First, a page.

In this other article in the Greater Paris dossier, which was begun in our previous issue and continues this month, Jean-Pierre Orfeuil re-examines how the project that led to the choice of the “New Greater Paris” option unfolded, with its potential role in the building of the Paris region into a metropolitan entity featuring as a backdrop.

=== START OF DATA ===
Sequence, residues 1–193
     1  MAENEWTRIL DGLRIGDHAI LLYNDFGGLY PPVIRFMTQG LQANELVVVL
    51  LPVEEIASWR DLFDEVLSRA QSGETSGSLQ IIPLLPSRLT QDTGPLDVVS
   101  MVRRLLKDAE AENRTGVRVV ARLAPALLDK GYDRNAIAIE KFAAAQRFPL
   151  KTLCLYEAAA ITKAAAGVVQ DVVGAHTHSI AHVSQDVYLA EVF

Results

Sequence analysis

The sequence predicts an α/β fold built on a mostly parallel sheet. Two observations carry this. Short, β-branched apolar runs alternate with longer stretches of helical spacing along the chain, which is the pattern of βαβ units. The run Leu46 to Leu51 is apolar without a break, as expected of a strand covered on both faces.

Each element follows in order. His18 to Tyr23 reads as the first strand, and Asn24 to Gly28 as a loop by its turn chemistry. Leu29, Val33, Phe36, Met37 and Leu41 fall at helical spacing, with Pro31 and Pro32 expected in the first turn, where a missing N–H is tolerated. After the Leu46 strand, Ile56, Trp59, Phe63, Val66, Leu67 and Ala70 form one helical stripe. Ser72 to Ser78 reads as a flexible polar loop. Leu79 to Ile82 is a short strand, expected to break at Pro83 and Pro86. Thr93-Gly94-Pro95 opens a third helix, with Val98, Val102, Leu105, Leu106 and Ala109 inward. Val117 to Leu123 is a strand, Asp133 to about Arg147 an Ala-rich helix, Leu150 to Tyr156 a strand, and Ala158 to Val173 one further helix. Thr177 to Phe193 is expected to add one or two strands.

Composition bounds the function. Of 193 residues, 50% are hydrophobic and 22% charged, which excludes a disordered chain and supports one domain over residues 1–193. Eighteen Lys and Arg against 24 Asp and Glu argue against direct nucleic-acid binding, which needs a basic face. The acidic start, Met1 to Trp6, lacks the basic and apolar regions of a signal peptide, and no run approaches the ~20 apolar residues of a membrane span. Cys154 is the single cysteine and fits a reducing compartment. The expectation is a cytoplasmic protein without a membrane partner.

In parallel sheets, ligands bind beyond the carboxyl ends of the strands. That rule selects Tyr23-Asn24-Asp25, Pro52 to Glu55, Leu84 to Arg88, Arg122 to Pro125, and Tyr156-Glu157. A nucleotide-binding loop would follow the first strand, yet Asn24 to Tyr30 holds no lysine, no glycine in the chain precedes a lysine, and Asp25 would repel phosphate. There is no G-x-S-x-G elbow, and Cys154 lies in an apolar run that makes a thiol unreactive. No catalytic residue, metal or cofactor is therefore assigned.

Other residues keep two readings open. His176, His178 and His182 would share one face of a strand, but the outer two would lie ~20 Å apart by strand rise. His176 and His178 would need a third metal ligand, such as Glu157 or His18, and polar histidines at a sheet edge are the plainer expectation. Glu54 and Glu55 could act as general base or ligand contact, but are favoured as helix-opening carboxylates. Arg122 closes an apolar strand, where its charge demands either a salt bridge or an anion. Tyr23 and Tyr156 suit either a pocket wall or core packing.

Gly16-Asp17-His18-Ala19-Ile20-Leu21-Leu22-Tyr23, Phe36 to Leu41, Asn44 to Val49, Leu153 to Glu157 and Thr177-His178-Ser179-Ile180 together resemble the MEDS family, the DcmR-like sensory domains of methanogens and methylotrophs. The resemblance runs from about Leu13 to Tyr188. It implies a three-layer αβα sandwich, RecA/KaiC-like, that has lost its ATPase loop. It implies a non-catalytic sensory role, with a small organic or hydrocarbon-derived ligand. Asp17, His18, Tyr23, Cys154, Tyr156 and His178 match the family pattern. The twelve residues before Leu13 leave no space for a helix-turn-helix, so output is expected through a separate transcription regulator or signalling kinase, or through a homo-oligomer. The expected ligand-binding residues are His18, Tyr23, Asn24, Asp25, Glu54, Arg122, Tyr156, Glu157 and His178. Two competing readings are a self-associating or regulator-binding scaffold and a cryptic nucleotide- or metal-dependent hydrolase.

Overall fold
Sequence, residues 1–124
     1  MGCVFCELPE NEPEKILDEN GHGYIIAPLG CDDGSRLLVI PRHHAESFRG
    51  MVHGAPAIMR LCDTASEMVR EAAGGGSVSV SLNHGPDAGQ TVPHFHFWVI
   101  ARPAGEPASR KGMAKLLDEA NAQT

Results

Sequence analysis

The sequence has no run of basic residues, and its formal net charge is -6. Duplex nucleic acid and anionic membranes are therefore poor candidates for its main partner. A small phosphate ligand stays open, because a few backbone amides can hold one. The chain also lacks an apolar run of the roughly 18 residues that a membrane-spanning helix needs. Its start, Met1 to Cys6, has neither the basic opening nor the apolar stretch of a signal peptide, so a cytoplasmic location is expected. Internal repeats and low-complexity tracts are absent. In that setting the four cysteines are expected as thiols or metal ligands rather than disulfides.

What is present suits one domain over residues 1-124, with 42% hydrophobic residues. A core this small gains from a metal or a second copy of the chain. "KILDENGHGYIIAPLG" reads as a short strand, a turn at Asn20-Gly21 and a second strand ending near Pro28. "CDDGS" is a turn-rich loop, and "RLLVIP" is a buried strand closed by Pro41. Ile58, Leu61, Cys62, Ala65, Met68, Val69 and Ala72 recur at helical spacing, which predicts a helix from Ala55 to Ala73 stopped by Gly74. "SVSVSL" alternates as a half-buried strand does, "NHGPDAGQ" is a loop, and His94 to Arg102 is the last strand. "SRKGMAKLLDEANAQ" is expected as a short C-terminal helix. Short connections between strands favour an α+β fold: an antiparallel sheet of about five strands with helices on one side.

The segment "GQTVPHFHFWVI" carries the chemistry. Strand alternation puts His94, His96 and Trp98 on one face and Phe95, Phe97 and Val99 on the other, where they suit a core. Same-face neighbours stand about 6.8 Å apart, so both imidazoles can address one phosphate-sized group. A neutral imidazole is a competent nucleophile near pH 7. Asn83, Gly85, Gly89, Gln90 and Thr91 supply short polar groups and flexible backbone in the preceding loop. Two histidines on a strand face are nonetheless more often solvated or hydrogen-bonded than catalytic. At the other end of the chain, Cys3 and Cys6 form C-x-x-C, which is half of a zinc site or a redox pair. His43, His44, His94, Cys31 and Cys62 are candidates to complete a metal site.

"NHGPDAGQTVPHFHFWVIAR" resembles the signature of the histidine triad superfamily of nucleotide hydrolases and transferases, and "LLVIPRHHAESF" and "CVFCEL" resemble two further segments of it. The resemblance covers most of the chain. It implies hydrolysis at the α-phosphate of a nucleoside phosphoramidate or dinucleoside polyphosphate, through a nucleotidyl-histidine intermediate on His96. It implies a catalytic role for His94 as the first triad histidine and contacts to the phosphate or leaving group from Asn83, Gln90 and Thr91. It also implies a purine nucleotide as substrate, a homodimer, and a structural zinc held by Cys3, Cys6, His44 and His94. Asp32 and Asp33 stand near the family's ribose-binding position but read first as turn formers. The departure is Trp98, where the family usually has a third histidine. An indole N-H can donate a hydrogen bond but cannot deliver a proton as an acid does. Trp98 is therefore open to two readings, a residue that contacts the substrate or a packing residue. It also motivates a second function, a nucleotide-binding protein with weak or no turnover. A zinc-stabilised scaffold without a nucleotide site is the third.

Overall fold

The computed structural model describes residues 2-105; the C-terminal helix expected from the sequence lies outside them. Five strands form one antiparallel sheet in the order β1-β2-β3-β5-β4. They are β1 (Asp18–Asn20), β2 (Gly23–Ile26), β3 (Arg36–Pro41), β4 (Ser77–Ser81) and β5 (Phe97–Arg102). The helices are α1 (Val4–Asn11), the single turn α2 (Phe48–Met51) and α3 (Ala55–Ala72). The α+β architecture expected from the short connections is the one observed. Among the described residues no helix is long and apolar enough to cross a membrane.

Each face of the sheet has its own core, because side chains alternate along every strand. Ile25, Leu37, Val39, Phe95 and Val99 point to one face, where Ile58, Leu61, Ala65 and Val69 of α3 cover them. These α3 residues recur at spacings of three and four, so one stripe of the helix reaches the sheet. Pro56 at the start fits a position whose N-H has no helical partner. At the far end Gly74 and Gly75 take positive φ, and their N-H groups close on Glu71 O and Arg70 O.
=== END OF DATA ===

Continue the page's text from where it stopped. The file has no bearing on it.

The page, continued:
Orfeuil first goes over the aspects that have to be taken into account in the development of a metropolis, then examines the possible role of the various types of transport in the precise case of the Île-de-France region and outlines the various rival initial projects (“Arc Express”, “Grand Huit” etc.), which ultimately culminated in the New Greater Paris metro project. He particularly stresses the power struggles, both local and national, that surrounded the choice and development of the project. He then recaps the criticisms of the initial plans and shows how the compromise reached developed in response to a number of these. He highlights the problems and questions that remain unresolved (particularly regarding the evaluation of the project, its grandiose character, the risk of spiralling costs etc.) and bemoans the “collateral damage” caused by the project and by the state’s intervention in it. Lastly, Orfeuil shows what alternative or complementary paths could have been followed, before drawing conclusions on the various lessons to be learned from this “venture” with regard to governance and —local and national— political decision-making.